II.       The Importance or the Dilemma of the Economic Growth and Democracy in the Central Asia Countries

Before focusing on the actors playing or willing to play a role in the Central Asia, it is very important to underline that, following 1991, a vast amount of problems of economic development and establishment of the democracy exerted on the Central Asia countries.

After the Soviet Union ideological collapse, these young countries (historically rooted, but today considered as new establishments) of the Central Asia, took diplomatically a place in the international system, each of them as a sovereign country, but classified economically as a developing country with so many social, economic, political and cultural problems to be solved. Naturally, as they share the common destiny of all developing countries,   their aim is to resolve the common problems of the globalizing World same as the other developing countries do by struggling against the North/South conflict but being involved inside.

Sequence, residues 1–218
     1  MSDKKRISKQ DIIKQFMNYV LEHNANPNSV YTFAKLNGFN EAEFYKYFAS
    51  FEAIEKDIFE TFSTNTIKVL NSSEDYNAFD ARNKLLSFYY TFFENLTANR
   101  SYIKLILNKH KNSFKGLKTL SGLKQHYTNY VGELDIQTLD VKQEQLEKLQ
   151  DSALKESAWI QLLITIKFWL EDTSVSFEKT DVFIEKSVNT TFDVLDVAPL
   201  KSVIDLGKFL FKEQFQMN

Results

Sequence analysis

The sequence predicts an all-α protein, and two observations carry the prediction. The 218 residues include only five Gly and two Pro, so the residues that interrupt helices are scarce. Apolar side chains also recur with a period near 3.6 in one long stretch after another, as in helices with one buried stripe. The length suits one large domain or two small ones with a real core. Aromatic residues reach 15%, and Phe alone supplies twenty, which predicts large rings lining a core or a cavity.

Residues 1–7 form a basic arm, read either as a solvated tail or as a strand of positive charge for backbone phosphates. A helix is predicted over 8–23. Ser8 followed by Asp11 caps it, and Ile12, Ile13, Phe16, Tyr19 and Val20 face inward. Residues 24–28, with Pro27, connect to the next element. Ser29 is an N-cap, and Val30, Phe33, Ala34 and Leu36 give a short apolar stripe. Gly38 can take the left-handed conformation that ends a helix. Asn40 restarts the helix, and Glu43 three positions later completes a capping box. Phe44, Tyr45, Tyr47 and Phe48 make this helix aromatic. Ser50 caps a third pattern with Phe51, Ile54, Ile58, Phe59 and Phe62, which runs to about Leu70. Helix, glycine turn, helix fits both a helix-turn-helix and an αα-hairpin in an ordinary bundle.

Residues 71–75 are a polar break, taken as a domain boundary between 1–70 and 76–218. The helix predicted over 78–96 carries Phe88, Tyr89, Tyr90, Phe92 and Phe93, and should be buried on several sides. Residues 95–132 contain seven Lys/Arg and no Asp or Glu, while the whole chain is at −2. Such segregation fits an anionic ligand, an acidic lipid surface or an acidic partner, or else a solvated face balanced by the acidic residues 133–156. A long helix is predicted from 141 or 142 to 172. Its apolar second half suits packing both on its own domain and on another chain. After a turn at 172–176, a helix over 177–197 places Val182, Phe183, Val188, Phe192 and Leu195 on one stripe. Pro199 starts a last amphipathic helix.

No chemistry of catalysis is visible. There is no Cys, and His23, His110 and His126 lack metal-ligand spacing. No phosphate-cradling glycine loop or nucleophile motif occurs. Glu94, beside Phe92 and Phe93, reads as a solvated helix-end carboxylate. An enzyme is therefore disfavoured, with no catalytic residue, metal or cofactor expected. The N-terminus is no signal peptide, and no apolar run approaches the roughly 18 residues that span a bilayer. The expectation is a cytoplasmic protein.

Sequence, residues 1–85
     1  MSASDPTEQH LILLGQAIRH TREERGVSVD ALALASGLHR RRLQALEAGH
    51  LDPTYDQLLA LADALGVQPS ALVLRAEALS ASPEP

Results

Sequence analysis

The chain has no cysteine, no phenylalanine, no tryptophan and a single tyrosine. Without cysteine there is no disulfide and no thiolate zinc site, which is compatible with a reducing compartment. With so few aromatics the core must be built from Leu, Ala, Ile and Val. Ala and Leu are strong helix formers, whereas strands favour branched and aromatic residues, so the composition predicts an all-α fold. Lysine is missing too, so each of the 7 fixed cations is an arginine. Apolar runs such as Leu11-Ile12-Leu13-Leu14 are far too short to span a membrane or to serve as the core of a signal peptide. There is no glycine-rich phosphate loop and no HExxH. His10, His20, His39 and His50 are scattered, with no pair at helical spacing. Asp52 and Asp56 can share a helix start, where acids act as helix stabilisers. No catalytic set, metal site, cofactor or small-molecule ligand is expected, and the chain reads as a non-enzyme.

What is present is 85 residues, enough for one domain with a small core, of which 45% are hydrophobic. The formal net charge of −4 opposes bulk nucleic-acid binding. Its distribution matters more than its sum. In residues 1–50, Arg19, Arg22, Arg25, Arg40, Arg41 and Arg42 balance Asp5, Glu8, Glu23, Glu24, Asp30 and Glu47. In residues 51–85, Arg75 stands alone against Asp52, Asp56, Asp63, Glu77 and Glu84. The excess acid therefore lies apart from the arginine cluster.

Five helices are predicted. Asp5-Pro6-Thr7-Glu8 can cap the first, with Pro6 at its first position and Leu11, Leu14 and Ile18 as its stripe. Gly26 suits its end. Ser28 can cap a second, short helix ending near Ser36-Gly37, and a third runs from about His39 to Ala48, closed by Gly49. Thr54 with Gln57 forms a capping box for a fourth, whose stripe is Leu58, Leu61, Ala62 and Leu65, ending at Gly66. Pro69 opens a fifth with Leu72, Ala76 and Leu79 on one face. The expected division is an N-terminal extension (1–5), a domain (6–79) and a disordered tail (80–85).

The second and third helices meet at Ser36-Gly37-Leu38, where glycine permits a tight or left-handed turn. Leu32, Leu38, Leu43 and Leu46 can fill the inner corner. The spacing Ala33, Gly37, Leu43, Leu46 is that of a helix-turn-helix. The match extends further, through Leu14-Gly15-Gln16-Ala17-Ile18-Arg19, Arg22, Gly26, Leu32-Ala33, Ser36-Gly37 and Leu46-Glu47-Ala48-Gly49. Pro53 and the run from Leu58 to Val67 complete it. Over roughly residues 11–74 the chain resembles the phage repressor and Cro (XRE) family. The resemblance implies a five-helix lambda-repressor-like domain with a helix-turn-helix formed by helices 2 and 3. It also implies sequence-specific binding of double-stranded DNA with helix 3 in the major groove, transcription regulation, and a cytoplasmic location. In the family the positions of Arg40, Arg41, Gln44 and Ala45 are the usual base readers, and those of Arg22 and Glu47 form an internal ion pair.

In the other words, today’s Central Asia countries presenting an area of the interests for the great or middle power international actors have been still obliged to overpass the social, politic and economic difficulties.